05/13/2014 03:34 EDT | Updated 05/13/2014 03:59 EDT

Bank Of Canada: Bitcoin Could Threaten Global Financial Stability

PHILIPPE LOPEZ via Getty Images
A man talks on a mobile phone in a shop displaying a bitcoin sign during the opening ceremony of the first bitcoin retail shop in Hong Kong on February 28, 2014. Bitcoin was invented in the wake of the global financial crisis by a mysterious computer guru using the pseudonym Satoshi Nakamoto and unlike other currencies, it does not have the backing of a central bank or government. AFP PHOTO / Philippe Lopez (Photo credit should read PHILIPPE LOPEZ/AFP/Getty Images)

Central banks around the world have their eyes on Bitcoin because the digital currency could threaten financial stability, the Bank of Canada says.

Bitcoin could pose this threat if it ever became “a significant means of payment and the Bitcoin system remained unstable,” the bank said in a report on digital currencies Tuesday, released as part of its spring review.

“Governments may become concerned about legal security and law enforcement issues associated with Bitcoins. For example, the private nature of bitcoin transactions, bitcoins could easily be used to facilitate criminal transactions and to evade taxes,” it said.

Bitcoins are decentralized, meaning that — unlike traditional currency — they are not created, controlled or regulated by a central body. Because there is no central authority, two people anywhere in the world can transact freely, with no fees and no bank account, instantaneously.

The bank weighed the benefits of the virtual currency system, such as making international online payments cheaper for vendors and users, against the potential drawbacks, including “a substantial risk that some users may try to duplicate or counterfeit them.”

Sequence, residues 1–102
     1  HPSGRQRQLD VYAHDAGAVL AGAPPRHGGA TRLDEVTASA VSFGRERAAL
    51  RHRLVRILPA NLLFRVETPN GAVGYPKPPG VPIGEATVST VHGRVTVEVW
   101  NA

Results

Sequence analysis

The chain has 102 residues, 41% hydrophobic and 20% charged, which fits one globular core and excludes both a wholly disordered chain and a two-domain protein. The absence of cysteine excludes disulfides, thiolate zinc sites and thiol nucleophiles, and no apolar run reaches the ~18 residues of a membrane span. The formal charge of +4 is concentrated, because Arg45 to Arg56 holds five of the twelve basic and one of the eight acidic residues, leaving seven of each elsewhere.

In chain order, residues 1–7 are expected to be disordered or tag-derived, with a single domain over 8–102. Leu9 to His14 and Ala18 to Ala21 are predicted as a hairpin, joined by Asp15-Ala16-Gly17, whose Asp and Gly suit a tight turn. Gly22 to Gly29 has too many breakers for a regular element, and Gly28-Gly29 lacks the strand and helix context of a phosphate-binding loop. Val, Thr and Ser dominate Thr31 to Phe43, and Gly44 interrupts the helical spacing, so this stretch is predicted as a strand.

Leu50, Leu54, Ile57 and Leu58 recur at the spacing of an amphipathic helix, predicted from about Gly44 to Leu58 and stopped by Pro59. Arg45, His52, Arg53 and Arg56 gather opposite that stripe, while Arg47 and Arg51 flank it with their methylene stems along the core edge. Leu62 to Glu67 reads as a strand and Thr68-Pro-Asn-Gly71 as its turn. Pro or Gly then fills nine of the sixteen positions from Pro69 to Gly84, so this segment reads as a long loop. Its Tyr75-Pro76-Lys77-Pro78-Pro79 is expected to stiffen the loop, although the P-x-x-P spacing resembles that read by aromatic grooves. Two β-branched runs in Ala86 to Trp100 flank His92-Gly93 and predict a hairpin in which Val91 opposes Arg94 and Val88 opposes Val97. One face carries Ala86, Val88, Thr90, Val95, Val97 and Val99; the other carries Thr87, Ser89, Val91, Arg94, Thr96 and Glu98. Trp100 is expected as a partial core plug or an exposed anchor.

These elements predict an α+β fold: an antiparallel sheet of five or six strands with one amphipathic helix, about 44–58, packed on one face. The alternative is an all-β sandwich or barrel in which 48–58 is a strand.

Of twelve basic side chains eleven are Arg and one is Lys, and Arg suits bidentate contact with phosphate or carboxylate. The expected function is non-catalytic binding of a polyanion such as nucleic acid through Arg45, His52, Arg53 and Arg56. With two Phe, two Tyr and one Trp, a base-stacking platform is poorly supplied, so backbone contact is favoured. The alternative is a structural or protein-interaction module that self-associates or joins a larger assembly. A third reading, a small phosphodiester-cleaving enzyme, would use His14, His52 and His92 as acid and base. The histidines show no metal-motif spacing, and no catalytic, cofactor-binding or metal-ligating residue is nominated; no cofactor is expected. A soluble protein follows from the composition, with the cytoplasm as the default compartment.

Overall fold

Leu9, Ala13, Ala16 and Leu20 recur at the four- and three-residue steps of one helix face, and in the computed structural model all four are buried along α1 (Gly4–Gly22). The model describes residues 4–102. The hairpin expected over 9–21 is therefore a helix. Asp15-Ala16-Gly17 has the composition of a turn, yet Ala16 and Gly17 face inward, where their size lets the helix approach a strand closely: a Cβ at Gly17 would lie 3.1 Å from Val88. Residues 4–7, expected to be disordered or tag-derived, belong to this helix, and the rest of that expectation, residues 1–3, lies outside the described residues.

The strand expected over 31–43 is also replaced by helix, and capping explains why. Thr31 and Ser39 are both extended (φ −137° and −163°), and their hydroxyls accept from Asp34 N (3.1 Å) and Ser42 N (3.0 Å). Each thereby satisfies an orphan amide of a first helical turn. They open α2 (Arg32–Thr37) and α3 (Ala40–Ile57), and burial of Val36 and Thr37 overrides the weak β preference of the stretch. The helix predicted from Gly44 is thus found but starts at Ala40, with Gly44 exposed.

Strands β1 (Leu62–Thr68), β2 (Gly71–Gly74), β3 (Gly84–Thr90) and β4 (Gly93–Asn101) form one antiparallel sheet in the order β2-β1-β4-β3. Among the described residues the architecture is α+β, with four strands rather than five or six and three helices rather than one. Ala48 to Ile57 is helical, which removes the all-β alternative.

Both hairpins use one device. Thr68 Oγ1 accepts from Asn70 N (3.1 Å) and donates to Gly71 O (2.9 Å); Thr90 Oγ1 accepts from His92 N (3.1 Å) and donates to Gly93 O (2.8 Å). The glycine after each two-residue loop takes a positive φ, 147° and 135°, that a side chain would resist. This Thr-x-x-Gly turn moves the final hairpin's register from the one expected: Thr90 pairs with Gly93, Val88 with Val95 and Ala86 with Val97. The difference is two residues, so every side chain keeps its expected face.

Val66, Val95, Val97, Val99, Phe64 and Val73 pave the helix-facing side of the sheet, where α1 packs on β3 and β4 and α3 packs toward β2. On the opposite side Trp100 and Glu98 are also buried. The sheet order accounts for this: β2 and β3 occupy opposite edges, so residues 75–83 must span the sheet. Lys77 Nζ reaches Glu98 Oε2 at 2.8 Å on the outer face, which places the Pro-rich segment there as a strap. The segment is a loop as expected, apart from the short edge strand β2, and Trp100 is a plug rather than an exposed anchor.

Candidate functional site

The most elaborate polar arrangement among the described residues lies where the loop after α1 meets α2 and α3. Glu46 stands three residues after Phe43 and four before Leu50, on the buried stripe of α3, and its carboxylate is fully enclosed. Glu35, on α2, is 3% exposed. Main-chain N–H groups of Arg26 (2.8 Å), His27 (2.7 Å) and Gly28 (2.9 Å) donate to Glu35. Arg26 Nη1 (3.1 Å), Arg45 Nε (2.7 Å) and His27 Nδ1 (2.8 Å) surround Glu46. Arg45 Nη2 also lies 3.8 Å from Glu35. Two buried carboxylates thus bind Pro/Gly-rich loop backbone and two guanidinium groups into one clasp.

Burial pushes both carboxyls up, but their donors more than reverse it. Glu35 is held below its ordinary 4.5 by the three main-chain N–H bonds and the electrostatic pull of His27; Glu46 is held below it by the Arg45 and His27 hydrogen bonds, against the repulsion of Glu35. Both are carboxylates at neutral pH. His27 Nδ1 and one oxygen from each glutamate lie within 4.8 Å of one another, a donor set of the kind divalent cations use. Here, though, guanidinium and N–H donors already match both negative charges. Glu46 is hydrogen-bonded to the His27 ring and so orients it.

The report’s authors also suggested a number of challenges with owning Bitcoin, such as the extreme volatility in its price, how easy it is to delete or misplace crucial information and highly publicized recent incidents of hacking and other security violations.

“In particular, given that digital currencies such as Bitcoin are not regulated and do not have a centralized issuer, users bear all of the risks themselves and have no legal recourse should they wish to reverse a bitcoin transaction,” it said.

The price of a bitcoin hovered around US$436 on Tuesday, falling from a high of more than US$1,000 last November.

The currency has been hammered in the press and on global exchanges in recent months, amid reports that some of the world’s largest exchanges had been hacked, and the subsequent bankruptcy of Japanese exchange giant Mt.Gox.

Bitcoin was singled out in the federal budget as an “emerging risk” in Canada’s fight against terrorism and money laundering. The government has said it is not recognized as legal tender in Canada but it is taxable as an asset.

Though Bitcoin is the most popular digital currency on the market, the report actually focused on platform-based digital currencies such as Facebook Credits, Amazon Coins and even World of Warcraft Gold.

The report found that those units of payment should be monitored by central banks, but they are unlikely to interfere with mainstream financial systems because they are “limited in functionality” and may not fit the standard definition of currency as (i) a unit of account, (ii) a medium of exchange and (iii) a store of value.

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